In the wake of the national disaster, Nepal Steel and Iron Rolling Mills Association (NSIRMA) assured that although post-earthquake Nepalese steel and iron industry was utilizing around 48% of its production capacity, it would be sufficient to meet the demand. There are around 20 steel and iron factories operating across Nepal.

This sector consists of industries like the rebar industry, corrugated iron industry, and wire industry, among others. The steel rod industry, under normal conditions has an estimated annual production capacity of 1.5million tons. Likewise, the corrugated iron industry and wire industry has an annual production capacity of around 300,000 tons and around 200,000 tons respectively.

Of the total damages and loses incurred by the country, the private sectors sustained over three times in damages and losses compared to the public sectors. The Housing & Human Settlements alone sustained about 50 percent of the total damages and losses. The impacts sustained by the construction sector businesses in Nepal have far-reaching repercussions which need to be further analyzed to support the ongoing reconstruction efforts.

It is highly expected that the demand for construction materials such as bricks, cement, reinforcement steel bar, CGI-Sheets, GI-Wires, etc. would shoot up and the reconstruction work would also suffer due to increasing labor scarcity in the country.

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Gorkha Earthquake 2015: Preparedness Lessons

Recalling the immediate moments after the major shaking of 25th April, 2015, Ms. Sita Shrestha a resident of Thankot, Chandragiri Municipality, Nepal, said “As soon as the shaking stopped, I took my son and daughter out of the house along with our Go-Bag”. She knew that Go-Bag was important but had never imagined that it could be so much useful under those chaotic circumstances.

She further added “At the time, many items out of the Go-Bag were very useful such as radio, tarpaulin, blanket, soap, Dettol, medications, torch-light, tooth pastes and even playing cards”. She was happy that playing cards kept the young boys awake in the nights which was good for the safety of the area. “This single Go Bag, I had stored, had been so useful to many of us. I thought what if everyone had their own Go Bag?” asked Sita rhetorically.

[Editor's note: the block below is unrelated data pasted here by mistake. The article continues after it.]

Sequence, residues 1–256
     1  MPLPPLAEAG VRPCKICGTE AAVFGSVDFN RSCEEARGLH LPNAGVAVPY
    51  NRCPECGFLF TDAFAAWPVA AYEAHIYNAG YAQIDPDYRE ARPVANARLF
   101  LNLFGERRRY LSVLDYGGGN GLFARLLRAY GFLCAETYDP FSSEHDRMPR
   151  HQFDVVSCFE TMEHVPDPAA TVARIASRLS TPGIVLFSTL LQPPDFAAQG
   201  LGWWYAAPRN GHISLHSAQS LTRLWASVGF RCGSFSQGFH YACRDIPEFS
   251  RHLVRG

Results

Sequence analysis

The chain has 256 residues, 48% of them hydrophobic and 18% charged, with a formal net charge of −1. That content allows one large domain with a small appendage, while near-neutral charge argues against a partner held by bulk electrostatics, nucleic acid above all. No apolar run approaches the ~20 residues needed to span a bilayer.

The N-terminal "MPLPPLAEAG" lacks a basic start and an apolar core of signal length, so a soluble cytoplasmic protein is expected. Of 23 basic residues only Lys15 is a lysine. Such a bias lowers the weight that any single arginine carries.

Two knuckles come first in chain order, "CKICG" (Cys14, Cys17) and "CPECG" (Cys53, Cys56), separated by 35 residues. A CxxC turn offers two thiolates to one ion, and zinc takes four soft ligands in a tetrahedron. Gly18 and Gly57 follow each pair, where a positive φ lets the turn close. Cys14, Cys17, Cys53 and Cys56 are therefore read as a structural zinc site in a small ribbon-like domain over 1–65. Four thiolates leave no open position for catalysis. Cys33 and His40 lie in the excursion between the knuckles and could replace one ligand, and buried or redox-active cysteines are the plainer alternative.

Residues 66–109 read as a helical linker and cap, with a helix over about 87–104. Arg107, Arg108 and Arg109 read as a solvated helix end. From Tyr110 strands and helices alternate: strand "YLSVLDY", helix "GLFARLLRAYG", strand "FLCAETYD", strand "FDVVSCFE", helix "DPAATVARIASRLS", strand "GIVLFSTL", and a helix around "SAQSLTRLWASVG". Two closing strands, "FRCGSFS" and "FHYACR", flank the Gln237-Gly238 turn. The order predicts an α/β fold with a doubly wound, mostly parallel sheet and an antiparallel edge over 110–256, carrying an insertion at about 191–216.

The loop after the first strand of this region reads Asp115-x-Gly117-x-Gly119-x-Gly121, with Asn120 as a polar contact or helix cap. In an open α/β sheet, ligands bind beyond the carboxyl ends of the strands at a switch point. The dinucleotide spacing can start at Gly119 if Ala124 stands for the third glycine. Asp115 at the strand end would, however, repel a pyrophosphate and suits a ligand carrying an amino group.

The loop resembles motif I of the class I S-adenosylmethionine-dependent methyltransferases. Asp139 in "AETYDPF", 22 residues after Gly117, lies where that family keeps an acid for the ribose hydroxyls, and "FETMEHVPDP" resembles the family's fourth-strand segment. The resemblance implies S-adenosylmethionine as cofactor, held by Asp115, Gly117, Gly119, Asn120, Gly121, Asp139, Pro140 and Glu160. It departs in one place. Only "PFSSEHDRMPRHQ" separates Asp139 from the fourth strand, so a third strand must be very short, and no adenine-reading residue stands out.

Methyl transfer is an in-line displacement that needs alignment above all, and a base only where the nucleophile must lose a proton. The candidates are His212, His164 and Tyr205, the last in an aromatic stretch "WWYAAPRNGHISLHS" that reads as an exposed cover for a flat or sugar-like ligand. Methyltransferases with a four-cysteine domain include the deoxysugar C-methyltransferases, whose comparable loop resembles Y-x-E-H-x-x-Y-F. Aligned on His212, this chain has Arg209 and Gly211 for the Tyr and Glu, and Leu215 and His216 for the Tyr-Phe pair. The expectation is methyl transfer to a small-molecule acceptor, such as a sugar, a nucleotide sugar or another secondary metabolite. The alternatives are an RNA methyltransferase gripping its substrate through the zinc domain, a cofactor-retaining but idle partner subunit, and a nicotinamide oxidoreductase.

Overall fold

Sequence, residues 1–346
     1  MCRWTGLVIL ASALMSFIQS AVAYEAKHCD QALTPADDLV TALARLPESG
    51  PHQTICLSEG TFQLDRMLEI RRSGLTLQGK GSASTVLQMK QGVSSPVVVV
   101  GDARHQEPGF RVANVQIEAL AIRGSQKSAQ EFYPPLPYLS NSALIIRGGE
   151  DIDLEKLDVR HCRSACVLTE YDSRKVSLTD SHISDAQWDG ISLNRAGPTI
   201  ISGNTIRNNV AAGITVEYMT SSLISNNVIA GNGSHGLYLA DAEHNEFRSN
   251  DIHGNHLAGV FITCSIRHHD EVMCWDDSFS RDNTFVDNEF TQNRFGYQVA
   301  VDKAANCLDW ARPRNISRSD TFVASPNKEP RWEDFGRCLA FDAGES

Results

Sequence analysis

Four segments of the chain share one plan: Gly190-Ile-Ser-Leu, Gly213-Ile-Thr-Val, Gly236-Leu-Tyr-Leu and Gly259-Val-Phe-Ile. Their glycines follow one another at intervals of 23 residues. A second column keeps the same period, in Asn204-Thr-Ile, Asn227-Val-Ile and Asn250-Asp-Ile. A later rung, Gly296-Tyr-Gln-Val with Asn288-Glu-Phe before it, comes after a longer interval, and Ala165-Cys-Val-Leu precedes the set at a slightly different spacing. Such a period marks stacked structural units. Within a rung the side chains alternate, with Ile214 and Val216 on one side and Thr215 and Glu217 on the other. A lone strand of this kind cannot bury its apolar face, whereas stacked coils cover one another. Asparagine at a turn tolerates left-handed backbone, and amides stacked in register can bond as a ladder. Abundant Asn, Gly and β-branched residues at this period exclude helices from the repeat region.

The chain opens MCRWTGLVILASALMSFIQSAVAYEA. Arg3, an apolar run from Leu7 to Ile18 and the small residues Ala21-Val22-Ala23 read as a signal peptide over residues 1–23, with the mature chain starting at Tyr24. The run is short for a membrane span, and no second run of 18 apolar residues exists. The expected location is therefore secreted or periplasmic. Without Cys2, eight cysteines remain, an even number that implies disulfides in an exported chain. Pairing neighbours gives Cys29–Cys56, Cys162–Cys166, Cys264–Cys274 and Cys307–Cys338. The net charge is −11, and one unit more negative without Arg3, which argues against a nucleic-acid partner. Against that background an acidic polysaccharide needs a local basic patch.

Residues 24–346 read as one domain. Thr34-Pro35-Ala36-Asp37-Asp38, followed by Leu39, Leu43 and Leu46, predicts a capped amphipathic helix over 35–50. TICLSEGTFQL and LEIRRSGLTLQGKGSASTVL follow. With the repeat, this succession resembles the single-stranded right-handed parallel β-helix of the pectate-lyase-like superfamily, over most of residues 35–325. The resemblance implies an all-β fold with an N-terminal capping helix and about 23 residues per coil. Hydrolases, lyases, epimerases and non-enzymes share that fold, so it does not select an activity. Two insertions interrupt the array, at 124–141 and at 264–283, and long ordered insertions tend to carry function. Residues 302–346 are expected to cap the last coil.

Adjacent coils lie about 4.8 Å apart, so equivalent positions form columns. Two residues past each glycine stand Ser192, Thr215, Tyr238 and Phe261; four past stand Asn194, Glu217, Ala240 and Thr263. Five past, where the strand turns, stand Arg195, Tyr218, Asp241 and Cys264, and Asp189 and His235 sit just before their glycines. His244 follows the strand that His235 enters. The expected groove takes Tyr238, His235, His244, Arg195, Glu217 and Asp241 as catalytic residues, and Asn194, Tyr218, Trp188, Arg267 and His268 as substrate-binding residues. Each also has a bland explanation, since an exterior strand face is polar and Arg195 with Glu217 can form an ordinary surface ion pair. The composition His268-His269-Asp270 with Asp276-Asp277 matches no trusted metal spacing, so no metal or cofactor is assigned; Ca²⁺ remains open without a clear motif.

Mr. Hariman Singh Dangol, who lives nearby the renowned Nuwakot Palace in Nuwakot District, is an elderly local priest at the Bhairavi Temple close to the palace. Recalling the learnings from his old folks, Mr. Dangol actively demonstrated his earthquake-safe behavior that he applied inside the temple when the ground started shaking on that fateful day of the Gorkha Earthquake.

Mr. Manoj Tamang, a local resident of Laharepauwa VDC in Rasuwa District, mentioned that his younger brother was studying in the ground floor of a two-story house on the day of the Gorkha Earthquake. “He could run and go out but he chose to go under the bed during the earthquake; he learned this at his school” said Manoj painfully. On that day, Manoj lost his brother to the quake as the house collapsed and crushed the bed.

From Bidur Municipality-3 in Nuwakot District, Ms. Samita Dangol, a local shopkeeper, revealed her brave story and how she was able to rescue her two younger sisters even after the two-story house collapsed miserably. “The two school girls saved their lives taking shelter under the bed on the 2nd floor. This wouldn’t be possible if the bed was fragile or box-type” said Samita convincingly….

(NOTE: Please click the link below to read the entire article “’Go-Bag’ & ‘DCH’: Enough said, let’s make it right!”)

“Go-Bag” & “DCH”: Enough said, let’s make it right!